Breaking New Ground, Professional Performer Meets Podcast

Breaking New Ground, Professional Performer Meets Podcast

By Walter Greene

An individual poses with a plate of foodAs an actor and writer, Toby Al-Trabulsi is well acquainted with storytelling–but when it comes to working on a podcast, he’s found himself in new territory. Speaking with him, I got the chance to hear how his time with the True Tales by Disability Advocates podcast team has compared to his work on stage and script, as well as some of the finer points on why True Tales is important to him and his work with sharing stories.

Toby first found his passion for acting in high school, but his love of storytelling goes back to childhood.

“I used to read a lot when I was a kid. My first love was reading. It wasn’t necessarily writing. It was stories.”

Just as Toby’s love of reading came less from its medium than what it represented and offered–a space to experience and share stories–his path to acting was led by a desire for a place to share with others, not just a spotlight.

“I didn’t go into acting with the pursuit of acting. It was just for community making and new experiences and trying something new. It was just by happenstance that I ended up loving it.”

Following high school, Toby was referred by his school’s drama instructor to join an acting company for actors with disabilities, TILT. He’s been a part of the company ever since. After his many years as an actor, Toby is looking for new creative avenues.

“The thing that drew me to podcasting is it was a new medium to explore, and I had never done it. I was interested in what that would entail, and it entailed a lot. . . It’s been great.”

Toby now has a new place for his love of storytelling and community in the True Tales by Disability Advocates working group. But just as with any new territory, he’s had to learn as he goes.

“I think podcasting is one of those things that takes time to build up to like music. . . . The thing that I’ve learned the most is that you’ve got to be in contact with everybody, more so than in theater or film. You’ve got to be constantly in contact with your team. It’s a very accountability-driven kind of thing.”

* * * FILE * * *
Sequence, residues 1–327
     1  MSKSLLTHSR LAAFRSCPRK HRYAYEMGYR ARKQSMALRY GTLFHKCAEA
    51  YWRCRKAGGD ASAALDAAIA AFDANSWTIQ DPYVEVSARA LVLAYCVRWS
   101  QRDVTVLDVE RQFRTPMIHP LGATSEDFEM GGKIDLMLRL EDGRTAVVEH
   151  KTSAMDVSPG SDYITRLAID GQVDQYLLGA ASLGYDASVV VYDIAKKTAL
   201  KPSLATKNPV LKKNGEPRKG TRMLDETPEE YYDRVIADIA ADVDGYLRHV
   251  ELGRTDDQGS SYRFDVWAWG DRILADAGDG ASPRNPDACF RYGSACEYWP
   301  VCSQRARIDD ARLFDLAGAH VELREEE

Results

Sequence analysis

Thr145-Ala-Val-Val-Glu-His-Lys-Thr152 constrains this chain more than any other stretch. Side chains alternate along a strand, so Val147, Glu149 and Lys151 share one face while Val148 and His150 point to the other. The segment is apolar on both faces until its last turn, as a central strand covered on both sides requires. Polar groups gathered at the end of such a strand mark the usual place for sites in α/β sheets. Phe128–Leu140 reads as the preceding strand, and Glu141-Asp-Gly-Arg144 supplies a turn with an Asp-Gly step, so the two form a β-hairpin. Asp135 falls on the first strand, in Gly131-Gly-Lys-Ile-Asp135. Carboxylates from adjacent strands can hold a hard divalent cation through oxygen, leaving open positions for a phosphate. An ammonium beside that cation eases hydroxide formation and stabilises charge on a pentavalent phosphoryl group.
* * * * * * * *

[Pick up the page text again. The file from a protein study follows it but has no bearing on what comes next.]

Podcasting has led Toby into new roles as well. As an actor, Toby is quite familiar with being the one on display, and his work as a host on True Tales has offered him a chance to bring that focus onto someone else.

“It was actually quite refreshing. After going on so much time performing, it was nice to take a step back and just relax into not that passive role, but that role of being there to let someone else take the spotlight a little, or take the mic I should say. . . It wasn’t as hard as you might think. I’ve been listening to people talk my whole life. Talk at me, talk to me, talk down to me. But once I took the choice to let them speak–not to sound controlling or anything–but once I made that decision that I was just going to let them speak and I’d just be there for them and not have to speak because I don’t have to, it took a lot of pressure off. It was really nice.”

Through reflecting on this new role, Toby brings awareness to a broader notion about listening to stories of disability.

“I think that there’s this feeling within the disabled community that disabled folks don’t listen to each other. There’s lots of micro-communities. I think that we as disabled folks need to just get better at hearing each other, hearing our stories. Even though we’re all in different micro-groups and different communities, I think we can just hear what each other’s experiences are like, even within the disability community. Because I have multiple disabilities myself, and if I really thought about it that would split me between multiple disabled groups. But that’s not the important part. I am a person with disabilities, and all of me is important, just like the rest of my fellow podcasters are important and their stories.”

This horizontal separation within the disability community is often ignored in the face of the oppressive, top-down marginalization that disabled people as a whole face. But for a community that already faces so much prejudice and injustice, internal solidarity is crucial.

For more to consider, Listen to Toby host the episode of True Tales, “Life on Wheels,” with guests John Beer and Kristen Gooch. Keep an eye out for his performance in the upcoming short film, Sign Here, a story on time, barriers, and second chances, as well as his ongoing work with the TILT performance group.

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